When John Hale was an archaeology graduate student at Cambridge University in the 1970s, he was taught that the ancient Greek accounts of the events and rituals at the Oracle of Delphi were fundamentally flawed.
The Greek historian Plutarch had spoken of a spring that emitted "fragrance and breeze" into the Oracle's temple, driving the priestesses there into a frenzied trance and prompting them to deliver prophetic visions. But 19th- and 20th-century researchers, after decades of searching, found no physical evidence supporting Plutarch. "The French dug at Delphi in the 1890s and didn't find any gases," says Hale, director of liberal studies at the University of Louisville. "Other archaeologists had dug there and found no faults or springs."
But that's not the end of it. In the past 11 years, a series of more rigorous scientific investigations has challenged—and, in effect, reversed—the accepted orthodoxy, showing in modern detail how hydrocarbon gases, still present at the site, might explain the ancient Greek stories.
Credit for that goes to Hale and colleague Jelle de Boer, a Wesleyan University geologist, whose chance meeting led to research validating Plutarch's accounts. The two met in 1996 at a research site in Portugal; there, over a glass of wine, de Boer claimed to have seen a fault line at Delphi following an earthquake more than a decade earlier. Hale was skeptical. "This," he recalls thinking, "would rewrite archaeology, and Greek history, and its religion."
A deal was struck: They would travel to Delphi, to the rugged slopes of Mount Parnassus, and map out the terrain. They did and, on two separate trips, they discovered not one but two intersecting fault lines—the first running east-west (as suggested by de Boer), the second northwest-southeast. The base of the ancient temple stood squarely at their intersection. Recent seismic activity, they surmised, had revealed the hidden secret.
Fumes. The discovery of crisscrossing fault lines beneath the Oracle's grounds answered one question outright. If the gases of which Plutarch spoke were real, where did they come from? And it hinted at yet another: the unknown nature of their composition. De Boer posited that limestone deposits buried deep beneath the ground might have released hydrocarbon gases—specifically, methane, ethane, and ethylene—into the air.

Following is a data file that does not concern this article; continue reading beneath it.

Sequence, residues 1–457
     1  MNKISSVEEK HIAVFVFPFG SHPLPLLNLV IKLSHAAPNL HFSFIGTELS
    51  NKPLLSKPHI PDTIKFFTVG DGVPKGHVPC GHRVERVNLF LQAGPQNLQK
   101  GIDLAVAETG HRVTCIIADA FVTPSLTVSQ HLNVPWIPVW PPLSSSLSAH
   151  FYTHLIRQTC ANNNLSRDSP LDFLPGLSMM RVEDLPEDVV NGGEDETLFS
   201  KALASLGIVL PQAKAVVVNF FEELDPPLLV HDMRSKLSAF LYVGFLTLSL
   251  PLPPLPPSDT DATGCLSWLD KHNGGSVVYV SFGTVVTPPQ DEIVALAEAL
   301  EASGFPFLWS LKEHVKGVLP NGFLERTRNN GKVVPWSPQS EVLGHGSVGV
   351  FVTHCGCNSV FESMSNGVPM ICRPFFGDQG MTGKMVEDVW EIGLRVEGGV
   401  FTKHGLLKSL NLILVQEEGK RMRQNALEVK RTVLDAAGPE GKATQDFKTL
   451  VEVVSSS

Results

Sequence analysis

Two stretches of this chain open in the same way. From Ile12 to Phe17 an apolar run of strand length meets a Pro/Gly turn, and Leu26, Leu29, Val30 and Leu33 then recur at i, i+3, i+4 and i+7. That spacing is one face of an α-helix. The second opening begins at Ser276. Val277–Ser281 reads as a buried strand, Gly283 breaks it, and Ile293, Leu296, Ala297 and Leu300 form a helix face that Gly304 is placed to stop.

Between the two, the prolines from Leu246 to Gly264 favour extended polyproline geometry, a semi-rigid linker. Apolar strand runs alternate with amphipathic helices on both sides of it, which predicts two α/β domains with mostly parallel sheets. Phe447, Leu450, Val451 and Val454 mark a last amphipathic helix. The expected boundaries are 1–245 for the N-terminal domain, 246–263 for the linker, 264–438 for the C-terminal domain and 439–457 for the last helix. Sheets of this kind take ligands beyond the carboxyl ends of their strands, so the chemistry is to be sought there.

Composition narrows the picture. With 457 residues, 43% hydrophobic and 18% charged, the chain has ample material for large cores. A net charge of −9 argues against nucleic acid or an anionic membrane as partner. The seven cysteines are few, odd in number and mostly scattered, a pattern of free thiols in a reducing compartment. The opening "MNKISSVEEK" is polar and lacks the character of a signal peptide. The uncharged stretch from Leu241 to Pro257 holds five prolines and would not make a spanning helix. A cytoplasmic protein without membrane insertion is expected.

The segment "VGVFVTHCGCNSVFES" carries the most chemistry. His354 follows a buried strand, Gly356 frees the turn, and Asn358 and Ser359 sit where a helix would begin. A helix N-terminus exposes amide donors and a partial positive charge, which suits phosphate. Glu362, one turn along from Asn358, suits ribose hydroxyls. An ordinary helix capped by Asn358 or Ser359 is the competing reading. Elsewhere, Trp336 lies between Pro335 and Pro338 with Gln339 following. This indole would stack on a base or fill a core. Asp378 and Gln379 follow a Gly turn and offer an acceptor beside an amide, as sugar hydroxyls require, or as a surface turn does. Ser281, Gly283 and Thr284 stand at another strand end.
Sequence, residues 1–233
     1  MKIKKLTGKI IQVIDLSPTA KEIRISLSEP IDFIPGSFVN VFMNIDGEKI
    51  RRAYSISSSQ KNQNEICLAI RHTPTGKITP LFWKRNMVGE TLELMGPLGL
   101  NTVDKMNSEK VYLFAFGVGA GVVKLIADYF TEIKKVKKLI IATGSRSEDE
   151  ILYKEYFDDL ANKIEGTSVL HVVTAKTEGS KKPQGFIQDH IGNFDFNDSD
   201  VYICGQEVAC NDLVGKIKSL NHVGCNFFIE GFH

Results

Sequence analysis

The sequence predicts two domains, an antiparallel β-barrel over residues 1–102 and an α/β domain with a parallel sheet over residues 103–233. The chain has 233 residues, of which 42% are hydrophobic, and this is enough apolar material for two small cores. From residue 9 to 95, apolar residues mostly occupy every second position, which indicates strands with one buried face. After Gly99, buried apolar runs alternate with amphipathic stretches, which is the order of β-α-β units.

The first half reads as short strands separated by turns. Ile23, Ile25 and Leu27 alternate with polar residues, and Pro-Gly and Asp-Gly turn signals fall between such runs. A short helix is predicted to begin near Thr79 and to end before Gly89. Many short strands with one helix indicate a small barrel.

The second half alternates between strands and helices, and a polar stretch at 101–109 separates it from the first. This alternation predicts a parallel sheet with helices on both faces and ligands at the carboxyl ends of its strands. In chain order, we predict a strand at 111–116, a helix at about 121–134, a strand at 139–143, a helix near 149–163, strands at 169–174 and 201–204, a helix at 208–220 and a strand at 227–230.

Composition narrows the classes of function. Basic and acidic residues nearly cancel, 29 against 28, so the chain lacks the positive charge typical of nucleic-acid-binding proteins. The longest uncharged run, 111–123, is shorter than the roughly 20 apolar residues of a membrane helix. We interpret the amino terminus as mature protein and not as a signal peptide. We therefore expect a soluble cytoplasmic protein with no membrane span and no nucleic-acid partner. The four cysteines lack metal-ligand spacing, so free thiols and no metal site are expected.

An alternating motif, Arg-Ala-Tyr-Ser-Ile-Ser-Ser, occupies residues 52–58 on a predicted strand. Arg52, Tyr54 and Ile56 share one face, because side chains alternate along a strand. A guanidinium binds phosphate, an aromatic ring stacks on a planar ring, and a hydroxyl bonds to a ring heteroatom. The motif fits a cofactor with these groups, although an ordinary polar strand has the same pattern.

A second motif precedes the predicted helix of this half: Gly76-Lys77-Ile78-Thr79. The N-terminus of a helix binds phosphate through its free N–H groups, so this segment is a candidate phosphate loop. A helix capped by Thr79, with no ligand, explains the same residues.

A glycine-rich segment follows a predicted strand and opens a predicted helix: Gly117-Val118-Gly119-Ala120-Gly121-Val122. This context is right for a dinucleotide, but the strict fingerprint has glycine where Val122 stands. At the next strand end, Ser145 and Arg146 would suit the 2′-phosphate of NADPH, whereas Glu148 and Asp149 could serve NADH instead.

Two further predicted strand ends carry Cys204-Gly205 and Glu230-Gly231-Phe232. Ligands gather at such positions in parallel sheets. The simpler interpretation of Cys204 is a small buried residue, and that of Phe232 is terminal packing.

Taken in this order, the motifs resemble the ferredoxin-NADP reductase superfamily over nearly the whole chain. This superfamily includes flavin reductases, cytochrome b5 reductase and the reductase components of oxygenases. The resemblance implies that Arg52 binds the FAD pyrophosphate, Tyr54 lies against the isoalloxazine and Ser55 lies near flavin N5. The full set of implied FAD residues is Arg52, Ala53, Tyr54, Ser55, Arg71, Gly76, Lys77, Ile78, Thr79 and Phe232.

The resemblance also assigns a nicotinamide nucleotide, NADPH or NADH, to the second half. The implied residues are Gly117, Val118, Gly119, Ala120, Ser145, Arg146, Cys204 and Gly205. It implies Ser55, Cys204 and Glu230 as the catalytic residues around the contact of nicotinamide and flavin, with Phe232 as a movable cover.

Ethylene, in particular, piqued the researchers' interest. "Ethylene is what gives fruits their sweet smell," says Hale, "which seems to match the note that Plutarch had made of the odor [of the Oracle gases]." Ethylene also has a history of mental confabulation. "In low doses, ethylene can induce a trance," Hale says. "Early-20th-century researchers found that ethylene could produce an anesthetic state twice as fast as nitrous oxide."
The researchers contacted chemist Jeffrey Chanton of Florida State University to analyze water samples from natural springs discovered in the faults. The analysis detected low levels of ethylene, among other gases. "For the descriptions in the literature of what caused the [priestess] to come forward with her predictions, ethyl ene is the perfect gas," de Boer says.
Though scholars continue to debate the precise nature of the gas—an Italian team published a paper last year arguing that methane-induced oxygen deprivation was the culprit—Hale says the bigger point is that this debate is happening at all. "People were responding to very specific phenomena in the Earth's surface," he says. "Modern science confirms the validity of those ancient observations, and this is a great way of looking at ancient religion."